Sunday, March 24, 2013

ORIGINAL STATUE OF LIBERTY WAS A BLACK WOMAN


The original statue of Liberty gifted by the French to America was not the stern-faced green Roman looking woman that you see today holding a tablet and a torch. The original and first Statue of Liberty was a Black woman holding the broken shackles of slavery. She was refused on the notion that the black statue would be a constant reminder of the liberty that the slaves earned, from successfully fighting in the American Civil War. The true Black Statue of Liberty remains rejected, forgotten and lost in broken fragments of Black history.

Why was the Statue of Liberty Really Created?

French historian Edouard de Laboulaye, chairman of the French Anti-Slavery Society, together with sculptor Frederic Auguste Bartholdi, proposed to the French government that the people of France should present the United States – through the American Abolitionist Society – the gift of a Statue of Liberty in recognition of the Black soldiers who won the Civil War in the United States, earning themselves their freedom. It was widely known then that it was Black soldiers who played the pivotal role in winning the war, and this gift was supposed to be a tribute to their prowess.

Why was the Black Statue of Liberty Rejected?

When the statue was presented to the U.S. Minister to France in 1884, it was rejected on the notion that the dominant view of the broken shackles would be offensive to a defeated U.S. South, who despised their former captives and would not want to be faced with a constant reminder of Blacks winning their freedom.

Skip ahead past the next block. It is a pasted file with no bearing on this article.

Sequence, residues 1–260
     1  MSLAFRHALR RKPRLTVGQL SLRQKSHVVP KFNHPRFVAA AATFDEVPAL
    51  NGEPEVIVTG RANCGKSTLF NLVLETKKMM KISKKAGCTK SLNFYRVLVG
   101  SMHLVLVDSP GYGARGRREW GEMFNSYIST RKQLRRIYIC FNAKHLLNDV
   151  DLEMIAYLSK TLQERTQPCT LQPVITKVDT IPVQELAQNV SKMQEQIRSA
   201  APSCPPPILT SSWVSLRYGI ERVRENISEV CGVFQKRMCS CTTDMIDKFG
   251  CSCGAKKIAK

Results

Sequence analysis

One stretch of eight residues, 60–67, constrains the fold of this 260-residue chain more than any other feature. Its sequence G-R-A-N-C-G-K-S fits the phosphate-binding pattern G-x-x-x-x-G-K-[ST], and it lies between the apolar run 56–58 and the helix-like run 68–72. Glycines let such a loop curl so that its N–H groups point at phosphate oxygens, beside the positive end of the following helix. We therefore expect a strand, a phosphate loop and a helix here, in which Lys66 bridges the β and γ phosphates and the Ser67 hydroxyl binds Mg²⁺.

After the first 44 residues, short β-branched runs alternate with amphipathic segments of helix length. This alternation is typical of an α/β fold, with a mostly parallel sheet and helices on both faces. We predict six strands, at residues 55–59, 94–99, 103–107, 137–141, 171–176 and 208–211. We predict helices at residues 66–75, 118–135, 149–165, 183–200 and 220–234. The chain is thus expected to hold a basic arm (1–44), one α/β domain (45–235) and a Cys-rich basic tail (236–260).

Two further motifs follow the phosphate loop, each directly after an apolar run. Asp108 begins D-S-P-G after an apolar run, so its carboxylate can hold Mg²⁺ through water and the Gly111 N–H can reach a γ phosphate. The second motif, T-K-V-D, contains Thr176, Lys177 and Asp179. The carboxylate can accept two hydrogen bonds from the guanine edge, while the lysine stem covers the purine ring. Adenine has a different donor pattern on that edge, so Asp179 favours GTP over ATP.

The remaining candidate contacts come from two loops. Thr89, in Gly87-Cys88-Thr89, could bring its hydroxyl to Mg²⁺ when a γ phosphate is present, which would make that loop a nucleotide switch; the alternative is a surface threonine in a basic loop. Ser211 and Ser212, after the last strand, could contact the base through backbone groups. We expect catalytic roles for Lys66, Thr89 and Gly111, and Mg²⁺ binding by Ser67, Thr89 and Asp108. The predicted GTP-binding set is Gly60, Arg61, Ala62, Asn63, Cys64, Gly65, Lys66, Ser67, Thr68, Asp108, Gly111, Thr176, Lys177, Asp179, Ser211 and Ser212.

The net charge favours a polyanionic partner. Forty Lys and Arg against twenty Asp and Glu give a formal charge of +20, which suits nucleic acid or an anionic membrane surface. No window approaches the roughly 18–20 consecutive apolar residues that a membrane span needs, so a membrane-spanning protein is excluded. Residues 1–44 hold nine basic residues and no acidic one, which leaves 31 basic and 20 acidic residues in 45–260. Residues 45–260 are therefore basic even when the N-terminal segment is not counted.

When Did This Hidden Piece of History Publicly Resurface?

Dr. Jack Felder, a biochemist, educator, author and historian, asked this startling question in a New York newspaper, the Daily Challenge (July 16, 1990):

Did you know that the original Statue of Liberty was to have been a Black woman being liberated from slavery with broken chains in her hands and at her feet and that she also had a dark Negroid face?

In the newspaper article, Dr. Felder further writes that:

Eventually, Bartholdi built a model faithful to the wishes of de Laboulaye with broken chains at her feet and a broken chain in her left hand and a distinctly Negroid face. The broken chains were to show the broken chains of slavery.

This list is of the documents of proof, presented in the same newspaper article by Dr. Felder:

1.) You may go and see the original model of the Statue of Liberty, with the broken chains at her feet and in her left hand. Go to the Museum of the City of NY, Fifth Avenue and 103rd Street write to Peter Simmons and he can send you some documentation.

2.) Check with the N.Y. Times magazine, part II_May 18, 1986. Read the article by Laboulaye.